Dajuan Harris' breakout performance in NCAA Tournament shows he belongs in KU's starting 5
The way Dajuan Harris played against Eastern Washington on Saturday in the opening round of the NCAA Tournament, he may never come off the bench again for Kansas.
March Madness has a way of creating college basketball stars. Those who emerge unexpectedly and embrace the stage end up making winning look easy, bringing the best out the players around them and, most importantly, propelling their team on to the next round.
While David McCormack turned in a folk hero level performance in his return at Indiana Farmers Coliseum, in Indianapolis, and senior Marcus Garrett played like a senior not interested in seeing his career end, the Jayhawks’ run in this year’s tournament might already be over and done with if not for the play of the smallest man in the Kansas basketball rotation, redshirt freshman Harris.
In just his 29th career game, KU’s backup point guard, listed at 6-foot-1 and 160 pounds, had his new career scoring high before halftime, which wasn’t hard to do considering the low-usage reserve’s previous best was seven points.
But Harris did much more than score 13 points and shock the Eagles with his 3-for-4 3-point accuracy. He played with the poise of a senior, making it possible for the Jayhawks (21-8) not to panic when No. 14 seed Eastern Washington (16-8) had an upset brewing.
“We were in real trouble,” KU coach Bill Self said afterward, “if it wasn’t for Dajuan.”
The Eagles, who led by as many as 10, gave KU more than a scare. The Big Sky’s lone representative in the field went up 9-0 on the Big 12’s premier basketball program in less than two minutes. But the deficit wouldn’t become more disastrous, because as soon as the margin hit nine, Self abandoned his starting five to bring in Harris and McCormack.
This wasn’t the case, earlier in the season, when Harris was still learning the ropes, but the Jayhawks in March are simply a better team when he’s on the floor. It proved to be true yet again during his first taste of the NCAA Tournament, when the young point guard from Columbia, Mo., gave KU 13 points on 5-for-8 shooting, to go with his four assists, two steals, one block and no turnovers in 35 minutes.
Harris, just like starters Garrett, Ochai Agbaji and Christian Braun, played all 20 minutes of the second half, because KU needed him impacting the game during every second possible. The Jayhawks were noticeably worse off when either Harris or McCormack weren’t on the floor versus EWU.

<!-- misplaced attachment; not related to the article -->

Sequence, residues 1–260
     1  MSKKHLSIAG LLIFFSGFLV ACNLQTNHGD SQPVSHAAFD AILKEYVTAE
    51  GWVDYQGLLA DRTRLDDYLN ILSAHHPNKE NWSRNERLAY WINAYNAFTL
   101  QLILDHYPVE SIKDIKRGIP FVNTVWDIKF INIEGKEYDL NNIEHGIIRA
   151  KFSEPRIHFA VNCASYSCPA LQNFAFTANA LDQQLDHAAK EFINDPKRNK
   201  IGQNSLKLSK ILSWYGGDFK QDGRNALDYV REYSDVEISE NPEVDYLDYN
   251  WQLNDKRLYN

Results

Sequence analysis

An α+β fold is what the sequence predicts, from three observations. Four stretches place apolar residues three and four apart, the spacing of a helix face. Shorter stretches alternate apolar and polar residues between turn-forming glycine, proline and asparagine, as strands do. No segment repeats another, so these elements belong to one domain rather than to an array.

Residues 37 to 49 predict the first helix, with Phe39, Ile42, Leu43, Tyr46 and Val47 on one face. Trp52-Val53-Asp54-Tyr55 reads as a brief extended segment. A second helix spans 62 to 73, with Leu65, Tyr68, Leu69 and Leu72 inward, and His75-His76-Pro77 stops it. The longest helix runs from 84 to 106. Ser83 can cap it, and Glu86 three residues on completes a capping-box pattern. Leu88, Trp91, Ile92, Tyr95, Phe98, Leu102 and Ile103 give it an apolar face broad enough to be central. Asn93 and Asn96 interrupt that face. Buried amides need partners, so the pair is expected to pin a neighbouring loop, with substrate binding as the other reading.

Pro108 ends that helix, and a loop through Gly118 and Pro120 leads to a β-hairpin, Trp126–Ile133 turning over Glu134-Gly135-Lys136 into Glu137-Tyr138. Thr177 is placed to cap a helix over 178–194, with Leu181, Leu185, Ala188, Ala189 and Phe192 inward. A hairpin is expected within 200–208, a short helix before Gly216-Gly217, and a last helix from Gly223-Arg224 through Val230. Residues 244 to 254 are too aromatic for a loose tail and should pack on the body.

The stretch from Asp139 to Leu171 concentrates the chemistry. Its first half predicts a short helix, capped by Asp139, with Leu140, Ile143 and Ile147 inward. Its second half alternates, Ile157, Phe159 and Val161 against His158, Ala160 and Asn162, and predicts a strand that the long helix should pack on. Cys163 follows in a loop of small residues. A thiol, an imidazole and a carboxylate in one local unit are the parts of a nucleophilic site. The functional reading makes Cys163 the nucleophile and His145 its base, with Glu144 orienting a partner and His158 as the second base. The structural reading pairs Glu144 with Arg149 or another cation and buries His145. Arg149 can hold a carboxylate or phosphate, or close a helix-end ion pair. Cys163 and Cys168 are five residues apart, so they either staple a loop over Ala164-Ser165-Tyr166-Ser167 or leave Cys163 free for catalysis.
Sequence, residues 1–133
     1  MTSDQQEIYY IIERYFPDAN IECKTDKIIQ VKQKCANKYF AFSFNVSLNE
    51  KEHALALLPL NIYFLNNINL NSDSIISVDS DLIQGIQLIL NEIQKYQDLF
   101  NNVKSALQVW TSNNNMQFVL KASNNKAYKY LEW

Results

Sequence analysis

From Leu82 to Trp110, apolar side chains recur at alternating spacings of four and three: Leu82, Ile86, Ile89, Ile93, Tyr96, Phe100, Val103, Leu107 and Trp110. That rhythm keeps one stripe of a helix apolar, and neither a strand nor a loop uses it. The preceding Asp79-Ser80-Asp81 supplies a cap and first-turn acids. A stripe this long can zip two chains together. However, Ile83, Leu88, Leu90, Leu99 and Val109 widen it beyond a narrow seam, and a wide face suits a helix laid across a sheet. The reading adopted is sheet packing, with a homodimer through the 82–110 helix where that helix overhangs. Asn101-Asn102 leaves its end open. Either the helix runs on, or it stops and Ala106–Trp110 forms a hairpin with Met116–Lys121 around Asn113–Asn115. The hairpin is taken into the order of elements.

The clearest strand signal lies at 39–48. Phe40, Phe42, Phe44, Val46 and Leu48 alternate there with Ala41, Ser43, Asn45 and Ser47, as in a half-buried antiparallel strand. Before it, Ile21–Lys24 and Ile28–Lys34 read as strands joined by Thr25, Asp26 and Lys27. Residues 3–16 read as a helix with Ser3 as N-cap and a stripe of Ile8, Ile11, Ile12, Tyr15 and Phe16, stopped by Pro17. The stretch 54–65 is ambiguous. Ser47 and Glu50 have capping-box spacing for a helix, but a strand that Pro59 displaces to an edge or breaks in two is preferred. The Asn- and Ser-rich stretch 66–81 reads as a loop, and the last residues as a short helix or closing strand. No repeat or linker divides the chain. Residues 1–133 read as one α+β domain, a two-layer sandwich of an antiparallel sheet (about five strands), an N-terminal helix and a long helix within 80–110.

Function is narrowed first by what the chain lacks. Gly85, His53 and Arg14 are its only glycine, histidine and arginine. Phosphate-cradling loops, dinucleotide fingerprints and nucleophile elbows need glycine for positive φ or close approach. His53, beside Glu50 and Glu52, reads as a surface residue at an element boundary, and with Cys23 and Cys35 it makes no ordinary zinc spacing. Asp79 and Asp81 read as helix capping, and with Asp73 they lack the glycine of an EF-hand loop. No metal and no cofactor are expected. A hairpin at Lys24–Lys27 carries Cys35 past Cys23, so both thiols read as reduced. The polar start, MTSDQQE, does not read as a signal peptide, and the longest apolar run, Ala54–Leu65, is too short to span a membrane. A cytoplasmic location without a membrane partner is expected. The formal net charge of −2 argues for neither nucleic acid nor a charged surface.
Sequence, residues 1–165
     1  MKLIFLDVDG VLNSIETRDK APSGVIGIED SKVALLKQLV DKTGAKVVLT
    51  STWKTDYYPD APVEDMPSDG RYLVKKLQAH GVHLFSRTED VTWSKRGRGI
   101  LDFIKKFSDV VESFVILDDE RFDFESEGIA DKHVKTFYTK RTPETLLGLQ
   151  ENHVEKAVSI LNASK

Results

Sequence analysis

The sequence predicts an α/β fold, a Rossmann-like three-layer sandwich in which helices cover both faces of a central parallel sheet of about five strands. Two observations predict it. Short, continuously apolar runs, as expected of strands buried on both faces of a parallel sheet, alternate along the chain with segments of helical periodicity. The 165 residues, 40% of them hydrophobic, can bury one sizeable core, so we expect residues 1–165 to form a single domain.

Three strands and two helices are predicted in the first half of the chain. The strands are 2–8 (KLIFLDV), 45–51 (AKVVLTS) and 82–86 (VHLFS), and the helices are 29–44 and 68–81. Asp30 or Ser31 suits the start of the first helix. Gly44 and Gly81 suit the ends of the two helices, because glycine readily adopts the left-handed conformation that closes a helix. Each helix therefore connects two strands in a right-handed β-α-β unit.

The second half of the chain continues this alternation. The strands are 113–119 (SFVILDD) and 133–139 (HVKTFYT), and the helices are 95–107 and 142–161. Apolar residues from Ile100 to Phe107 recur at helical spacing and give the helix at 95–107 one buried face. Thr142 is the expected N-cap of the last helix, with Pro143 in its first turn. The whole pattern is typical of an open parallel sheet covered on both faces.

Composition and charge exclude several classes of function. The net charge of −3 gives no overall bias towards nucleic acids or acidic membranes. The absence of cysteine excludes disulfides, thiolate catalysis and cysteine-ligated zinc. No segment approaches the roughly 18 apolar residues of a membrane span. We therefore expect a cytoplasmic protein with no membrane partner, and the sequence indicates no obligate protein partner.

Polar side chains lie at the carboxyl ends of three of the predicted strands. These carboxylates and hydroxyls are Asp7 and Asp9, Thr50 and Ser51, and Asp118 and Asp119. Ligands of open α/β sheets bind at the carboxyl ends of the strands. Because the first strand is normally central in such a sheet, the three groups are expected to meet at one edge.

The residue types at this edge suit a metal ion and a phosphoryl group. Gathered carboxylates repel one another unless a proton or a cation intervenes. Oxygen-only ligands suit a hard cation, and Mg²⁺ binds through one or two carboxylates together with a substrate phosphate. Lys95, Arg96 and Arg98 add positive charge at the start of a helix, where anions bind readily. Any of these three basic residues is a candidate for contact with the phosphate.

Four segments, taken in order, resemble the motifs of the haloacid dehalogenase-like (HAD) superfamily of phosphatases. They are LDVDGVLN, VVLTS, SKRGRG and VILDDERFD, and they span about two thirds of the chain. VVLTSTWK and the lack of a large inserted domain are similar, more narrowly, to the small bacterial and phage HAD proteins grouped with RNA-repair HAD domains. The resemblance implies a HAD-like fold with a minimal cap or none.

In the middle of praising Harris during his postgame video press conference, Garrett didn’t reference his fellow guard’s points or assists or 3-pointers. Garrett instead brought up Harris’ eye-catching plus/minus of +22.
“I feel like he played a great game,” Garrett said. “He gave us the boost we needed.”
In fact, the Jayhawks blew out the Eagles when Harris was on the floor, 91-69. During the roughly five minutes in which Harris sat in KU’s first-round win, the Eagles outscored the Jayhawks, 15-2.
Said Garrett: “He came out there, he did what Dajuan does — he took the shots that were open and he knocked them down.”
When the Eagles invited Harris to put up 3-pointers, the young guard showed no fear, and made them pay for doubting him. Even though Harris only attempted nine 3-pointers (and made five) total in his first 28 college games, he didn’t have a reluctant approach, negating EWU’s strategy. The Eagles undoubtedly expected a freshman known for not shooting to tense up and hoist bricks or drive into a defense that was waiting for him.
Harris was too unflappable for that to work.
“I feel like he has confidence shooting the ball,” Garrett said of Harris’ surprising output from 3-point range. “He just doesn’t take them all the time, because that’s kind of not what he does for the team. But when he does take them he has a chance to knock them down.”
It turns out EWU didn’t know what KU had in Harris, who only averaged 1.9 points and 1.8 assists in 13.7 minutes a game during Big 12 play.
Those days of being a non-factor are behind Harris now, though.
“Juan was probably the best player we had from start to finish,” Self said following the young point guard’s March Madness debut.
Harris has not only proven himself now, he’s also earned his coach’s trust. The spotlight will get hotter and the competition more athletic and imposing from here, but Harris has shown he belongs in the staring lineup.
The Jayhawks opened their NCAA Tournament run with a lineup of Garrett, Braun, Agbaji, Bryce Thompson and Mitch Lightfoot. But the five who got them out of the first round — Harris, McCormack, Garrett, Agbaji and Braun — should be the starting five for round two.
How Jalen Wilson handles his return from COVID-19 — and whether he can play on Monday against USC and be impactful, like McCormack was vs. EWU — will go a long way in determining whether the Jayhawks can reach the Sweet 16 and extend their stay in Indianapolis. Regardless of how many more games remain for KU in the West region, Harris has demonstrated as a floor general who plays with confidence, vision and defensive energy — and let’s not forget he’s also a 3-point shooting threat (8-for-13 on the season) — that he deserves a promotion to the starting five from here on out.